The Circle - A Warning About the Future of Technology

Lisa Gardner's picture


While TSA prepares and teaches us how to “live in a technical world,” that technical world continues to change, and not always for the better. Dave Eggers’s illustrates this point in his new novel, The Circle. Seemingly modeled after George Orwell’s 1984, The Circle depicts a world in which social media has become overruled by one company, and in which the world has become overruled by social media. The company that owns it all is known as the Circle and it is depicted as the future of companies like Facebook, Twitter, and Google among others. In the exposition, the author explains how the company became successful by creating the product “TruYou,” a social media service that connects all social media outlets to one account, one site, and one identity. True to its name, the TruYou’s identity is the customer’s, meaning that all anonymity is taken from the internet. The masterminds of TruYou argue that this makes life better; it holds people accountable for their online actions, so it eliminates cyberbullying, identity theft, or any other uncivil activities. Although the reader quickly realizes that whatever its intentions, the Circle has spiraled out of control, and much like 1984, it has taken away the freedom of individuals.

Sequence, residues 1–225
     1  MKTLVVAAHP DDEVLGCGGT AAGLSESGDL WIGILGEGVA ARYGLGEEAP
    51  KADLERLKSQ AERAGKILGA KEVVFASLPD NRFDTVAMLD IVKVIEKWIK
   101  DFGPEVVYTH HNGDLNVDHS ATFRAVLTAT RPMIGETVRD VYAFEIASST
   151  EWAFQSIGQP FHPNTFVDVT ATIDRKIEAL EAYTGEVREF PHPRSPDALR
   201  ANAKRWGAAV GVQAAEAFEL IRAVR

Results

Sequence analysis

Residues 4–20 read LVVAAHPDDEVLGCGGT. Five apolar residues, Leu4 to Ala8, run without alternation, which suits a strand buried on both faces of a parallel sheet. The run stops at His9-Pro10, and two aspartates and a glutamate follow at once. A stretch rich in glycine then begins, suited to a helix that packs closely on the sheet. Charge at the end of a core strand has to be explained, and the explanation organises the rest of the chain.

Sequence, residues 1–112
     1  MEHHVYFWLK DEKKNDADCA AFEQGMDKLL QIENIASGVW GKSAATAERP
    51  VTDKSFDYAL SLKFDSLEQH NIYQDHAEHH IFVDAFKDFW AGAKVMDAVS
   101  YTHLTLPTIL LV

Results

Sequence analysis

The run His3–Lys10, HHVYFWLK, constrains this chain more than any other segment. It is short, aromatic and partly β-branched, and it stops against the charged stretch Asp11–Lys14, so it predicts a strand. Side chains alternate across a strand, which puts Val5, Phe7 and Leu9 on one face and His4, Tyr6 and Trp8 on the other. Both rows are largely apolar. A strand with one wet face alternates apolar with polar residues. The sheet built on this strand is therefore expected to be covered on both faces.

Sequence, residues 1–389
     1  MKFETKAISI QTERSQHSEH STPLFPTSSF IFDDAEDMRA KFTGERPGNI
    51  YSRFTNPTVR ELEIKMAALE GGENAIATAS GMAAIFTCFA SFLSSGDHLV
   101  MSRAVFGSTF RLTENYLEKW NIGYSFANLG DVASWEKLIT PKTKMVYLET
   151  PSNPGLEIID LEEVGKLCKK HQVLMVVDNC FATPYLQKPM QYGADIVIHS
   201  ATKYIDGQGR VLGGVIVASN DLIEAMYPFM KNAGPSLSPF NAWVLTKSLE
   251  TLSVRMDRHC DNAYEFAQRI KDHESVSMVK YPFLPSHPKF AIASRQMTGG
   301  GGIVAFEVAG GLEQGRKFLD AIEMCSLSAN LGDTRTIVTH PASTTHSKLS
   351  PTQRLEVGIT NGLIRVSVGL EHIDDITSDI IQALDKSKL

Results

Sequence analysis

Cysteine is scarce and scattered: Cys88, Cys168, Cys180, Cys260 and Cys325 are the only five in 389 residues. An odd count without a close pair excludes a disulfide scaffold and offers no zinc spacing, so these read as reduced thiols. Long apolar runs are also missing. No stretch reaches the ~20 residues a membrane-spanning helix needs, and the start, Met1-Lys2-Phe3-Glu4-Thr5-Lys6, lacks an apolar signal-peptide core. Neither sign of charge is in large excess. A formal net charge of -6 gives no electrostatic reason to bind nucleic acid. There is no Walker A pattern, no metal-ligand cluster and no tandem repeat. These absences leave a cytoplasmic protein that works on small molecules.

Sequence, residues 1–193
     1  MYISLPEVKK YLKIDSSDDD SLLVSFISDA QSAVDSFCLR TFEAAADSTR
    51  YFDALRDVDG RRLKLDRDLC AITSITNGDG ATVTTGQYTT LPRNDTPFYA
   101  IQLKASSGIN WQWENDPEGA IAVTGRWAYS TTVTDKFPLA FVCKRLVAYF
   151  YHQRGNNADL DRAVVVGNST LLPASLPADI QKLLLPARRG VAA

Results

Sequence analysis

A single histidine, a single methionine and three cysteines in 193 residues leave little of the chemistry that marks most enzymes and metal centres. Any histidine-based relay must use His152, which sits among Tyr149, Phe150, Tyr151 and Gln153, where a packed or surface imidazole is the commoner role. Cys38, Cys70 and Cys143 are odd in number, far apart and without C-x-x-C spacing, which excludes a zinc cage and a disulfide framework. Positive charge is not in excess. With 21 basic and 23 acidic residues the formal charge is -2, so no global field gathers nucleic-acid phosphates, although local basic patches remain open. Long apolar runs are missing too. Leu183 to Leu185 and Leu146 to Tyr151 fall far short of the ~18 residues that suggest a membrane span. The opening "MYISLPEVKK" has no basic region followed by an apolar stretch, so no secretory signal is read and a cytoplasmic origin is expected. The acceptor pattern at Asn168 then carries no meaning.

The story follows Mae, a naive young woman who is searching for a job after high school, and finds one at the Circle. She is taken with her new job and its lavish accommodations including gourmet restaurants, health centers, and dorms, created so its workers can permanently stay there. As she continues to work at the Circle, she begins to lose her privacy, her identity, and her humanity. The final straw is when she agrees to go “transparent,” wearing cameras that monitor her 24/7. But instead of rebelling against the loss of privacy, Mae begins to advertise it as the Circle’s spokeswoman. Much like 1984’s character Winston, Mae is forced to succumb to the pressures of the Circle, and also like Winston, she starts to enjoy it.

Although the Circle is less prophetic of the future than descriptive of the present, it definitely raises some points about the extent that social media influences our perceptions, our friends, and our decisions. Many people have been skeptical of Eggers’s points in the novel because he did not actually research social media sites, but the purpose of pieces like this is to get people thinking and talking about these issues before they can become reality. The book has been criticized of being rushed, but the book’s contents are very time sensitive, especially since, unlike Orwell, the events of the book are much closer to the present. It is also accused of lacking the fluidity and polish of Orwell’s piece, but his purpose, while similar, is not quite the same. Orwell’s book is more prophetic of a distant future (it was originally published in 1949) while Eggers’s models much of what is starting to happen today. The difference in time frame may also be attributed to the exponential growth of technology. Nevertheless, both books warn of a future overrun with monopoly and loss of individual freedom.

Orwell’s 1984 never became true, and this book is another example of exaggeration, but as the next generation living in the technical world, it is important that we contemplate our actions effects on how we live our lives now and in the future. Given the book’s similarities to Orwell’s 1984, it seems appropriate to end with the governing ideals of Eggers’s dystopia (1984 also had three mantras). The Circle’s are: SHARING IS CARING, PRIVACY IS THEFT, and SECRETS ARE LIES.